On Thursday, I had a major epiphany: I finally realized what I most want to do with my life, and, unsurprisingly, it had very little (if anything…I mean, nothing, really) to do with French literature. What I want to do is get certified to teach yoga, and eventually get to the point where I can open up my own studio. Ultimately, I would like to get the highest level of certification available, which you obtain after 500 hours of training. At whatever point I can, I want to start teaching and just go forward from there.

I tend to have a pattern when it comes to things like this:

  1. Long period of wanting to do something (this desire usually just hangs out in the back of my mind), but not really letting myself admit that I want to do it because of a fear of failure, risk, cost, or the effort that it will take and the feeling that I will not be able to put forth that effort. I guess that technically qualifies as a more specific form of fear of failure. At any rate, you get my point. This phase consists of complete denial of what would actually make me happy and intense rationalization in the form of negative self-talk (go go psychobabble!)
  2. A moment when I realize that I can, in fact, do this thing that I have really, always wanted to do. In this moment, I realize that I can be that person who knows what they want and will go after it no matter what it takes because the reward will be so satisfying that everything that they endure to get to the end-point is worth it. This is like being on top of the world.
  3. A sudden fall, usually due to the voices in the back of my head that start quiet but usually get louder and louder, and remind me of the risks and inevitable failure that I will face. How could I possibly succeed at something like this, and why would I ever think I was even capable? What would lead me to even entertain the thought?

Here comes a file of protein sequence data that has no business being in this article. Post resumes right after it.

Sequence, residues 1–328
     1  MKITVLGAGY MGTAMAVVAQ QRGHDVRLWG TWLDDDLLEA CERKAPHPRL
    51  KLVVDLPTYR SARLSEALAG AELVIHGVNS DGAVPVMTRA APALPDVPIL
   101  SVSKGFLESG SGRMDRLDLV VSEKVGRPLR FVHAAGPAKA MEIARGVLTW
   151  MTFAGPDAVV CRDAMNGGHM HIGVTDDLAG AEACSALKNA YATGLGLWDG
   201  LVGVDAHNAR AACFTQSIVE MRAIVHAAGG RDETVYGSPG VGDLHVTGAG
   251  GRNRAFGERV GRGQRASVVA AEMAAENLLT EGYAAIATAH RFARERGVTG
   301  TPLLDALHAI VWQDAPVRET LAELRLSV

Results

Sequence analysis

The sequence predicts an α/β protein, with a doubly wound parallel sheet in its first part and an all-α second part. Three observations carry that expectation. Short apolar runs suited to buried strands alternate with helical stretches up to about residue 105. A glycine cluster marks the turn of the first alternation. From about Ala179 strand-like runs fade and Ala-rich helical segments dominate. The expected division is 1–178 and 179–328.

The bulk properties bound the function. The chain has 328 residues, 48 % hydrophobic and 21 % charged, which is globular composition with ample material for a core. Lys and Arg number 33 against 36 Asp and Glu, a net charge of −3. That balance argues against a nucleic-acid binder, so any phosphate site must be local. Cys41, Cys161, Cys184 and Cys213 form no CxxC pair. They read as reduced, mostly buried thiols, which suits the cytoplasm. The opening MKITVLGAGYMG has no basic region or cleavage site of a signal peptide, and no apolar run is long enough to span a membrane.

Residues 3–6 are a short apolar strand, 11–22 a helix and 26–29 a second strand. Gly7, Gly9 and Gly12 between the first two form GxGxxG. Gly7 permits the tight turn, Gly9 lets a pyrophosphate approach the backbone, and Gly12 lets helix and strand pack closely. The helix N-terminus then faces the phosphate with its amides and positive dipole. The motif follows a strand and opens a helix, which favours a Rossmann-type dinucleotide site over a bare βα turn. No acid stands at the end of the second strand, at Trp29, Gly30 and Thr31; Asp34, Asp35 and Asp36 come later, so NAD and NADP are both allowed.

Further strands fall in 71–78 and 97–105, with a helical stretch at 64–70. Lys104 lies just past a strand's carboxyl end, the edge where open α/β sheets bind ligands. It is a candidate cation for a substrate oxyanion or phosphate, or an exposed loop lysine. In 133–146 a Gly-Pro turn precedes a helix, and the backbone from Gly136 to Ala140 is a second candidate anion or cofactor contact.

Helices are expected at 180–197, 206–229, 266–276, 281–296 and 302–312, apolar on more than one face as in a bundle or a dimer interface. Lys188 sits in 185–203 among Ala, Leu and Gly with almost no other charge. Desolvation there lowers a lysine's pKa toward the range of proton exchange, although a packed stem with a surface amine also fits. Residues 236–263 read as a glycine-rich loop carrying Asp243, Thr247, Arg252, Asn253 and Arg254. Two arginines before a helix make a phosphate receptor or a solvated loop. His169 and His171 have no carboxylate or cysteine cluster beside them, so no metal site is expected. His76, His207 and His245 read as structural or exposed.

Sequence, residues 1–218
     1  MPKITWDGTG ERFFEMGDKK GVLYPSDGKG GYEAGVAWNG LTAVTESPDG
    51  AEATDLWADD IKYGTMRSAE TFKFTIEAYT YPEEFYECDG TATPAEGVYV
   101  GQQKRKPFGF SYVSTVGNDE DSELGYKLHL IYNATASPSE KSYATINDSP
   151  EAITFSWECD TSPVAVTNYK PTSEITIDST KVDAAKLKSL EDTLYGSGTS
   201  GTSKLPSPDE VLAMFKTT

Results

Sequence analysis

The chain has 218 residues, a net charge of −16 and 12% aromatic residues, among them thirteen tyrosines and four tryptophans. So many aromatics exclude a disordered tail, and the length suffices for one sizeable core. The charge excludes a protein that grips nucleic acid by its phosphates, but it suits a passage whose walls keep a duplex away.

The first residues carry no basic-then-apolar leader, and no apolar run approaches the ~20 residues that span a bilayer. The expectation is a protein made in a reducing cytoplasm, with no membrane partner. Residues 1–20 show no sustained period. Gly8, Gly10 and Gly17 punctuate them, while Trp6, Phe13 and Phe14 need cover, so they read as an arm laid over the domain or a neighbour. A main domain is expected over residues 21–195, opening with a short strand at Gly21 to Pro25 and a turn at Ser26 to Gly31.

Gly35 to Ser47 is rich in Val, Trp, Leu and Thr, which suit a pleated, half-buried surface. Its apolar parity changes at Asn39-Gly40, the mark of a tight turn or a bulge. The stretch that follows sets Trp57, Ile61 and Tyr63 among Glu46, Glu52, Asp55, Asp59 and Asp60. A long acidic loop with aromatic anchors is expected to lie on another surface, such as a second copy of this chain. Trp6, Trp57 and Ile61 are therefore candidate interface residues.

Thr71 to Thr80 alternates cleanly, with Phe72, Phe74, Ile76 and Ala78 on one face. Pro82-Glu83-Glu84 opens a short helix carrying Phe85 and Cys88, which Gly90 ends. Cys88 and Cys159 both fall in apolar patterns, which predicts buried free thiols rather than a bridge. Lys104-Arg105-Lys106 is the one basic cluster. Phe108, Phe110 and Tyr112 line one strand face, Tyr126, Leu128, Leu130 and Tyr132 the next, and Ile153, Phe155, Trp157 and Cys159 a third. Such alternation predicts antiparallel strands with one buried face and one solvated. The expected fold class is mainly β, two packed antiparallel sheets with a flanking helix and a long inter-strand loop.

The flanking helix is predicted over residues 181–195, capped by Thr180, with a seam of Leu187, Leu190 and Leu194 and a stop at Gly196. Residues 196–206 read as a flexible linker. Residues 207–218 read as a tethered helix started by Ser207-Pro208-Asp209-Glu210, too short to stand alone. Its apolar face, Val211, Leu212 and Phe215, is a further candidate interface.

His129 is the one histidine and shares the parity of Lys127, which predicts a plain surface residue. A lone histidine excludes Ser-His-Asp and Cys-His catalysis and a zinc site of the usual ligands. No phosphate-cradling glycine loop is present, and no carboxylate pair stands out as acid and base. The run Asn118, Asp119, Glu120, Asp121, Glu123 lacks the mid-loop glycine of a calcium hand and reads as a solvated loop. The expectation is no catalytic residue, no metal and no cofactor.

4. A sort of quiet resignation: this is who you are, and who you always will be. You won’t be that person who goes after their dreams and accomplishes their goals. This feeling of defeat is what I am currently fighting.

After running a marathon, I (rightly) felt that I was capable of accomplishing goals that I set in front of me. All it really takes is a belief in the fact that you can do it, dogged perseverance even when you just want to give up, and a series of mini-goals that lead to the accomplishment of the major goal. However, now that I have my next big goal set out in front of me, I just feel like running and hiding. The same negativity that took me years to shake in order to run 26.2 miles is now making it difficult for me to believe that I can get certified to teach yoga and go after my dream of opening up my own studio.

Suffice it to say that this struggle is not made any easier by the fact that I have to go back to being a full-time graduate student on Tuesday. Every time I have a break from it, I realize that the only reason I make it through a semester is by putting my head down and soldiering on. This doesn’t make me happy, it makes me miserable. I just want to get away, but I feel so stuck. That feeling of being trapped contributes to my lack of belief in myself–I end up feeling like this is it, that I am just sort of stuck in this sort of Sisyphus-like existence that I cannot get away from and that I just have to tolerate.

I’m not really sure what to do. I don’t want to be Sisyphus, but I don’t feel brave enough to be Emilie.

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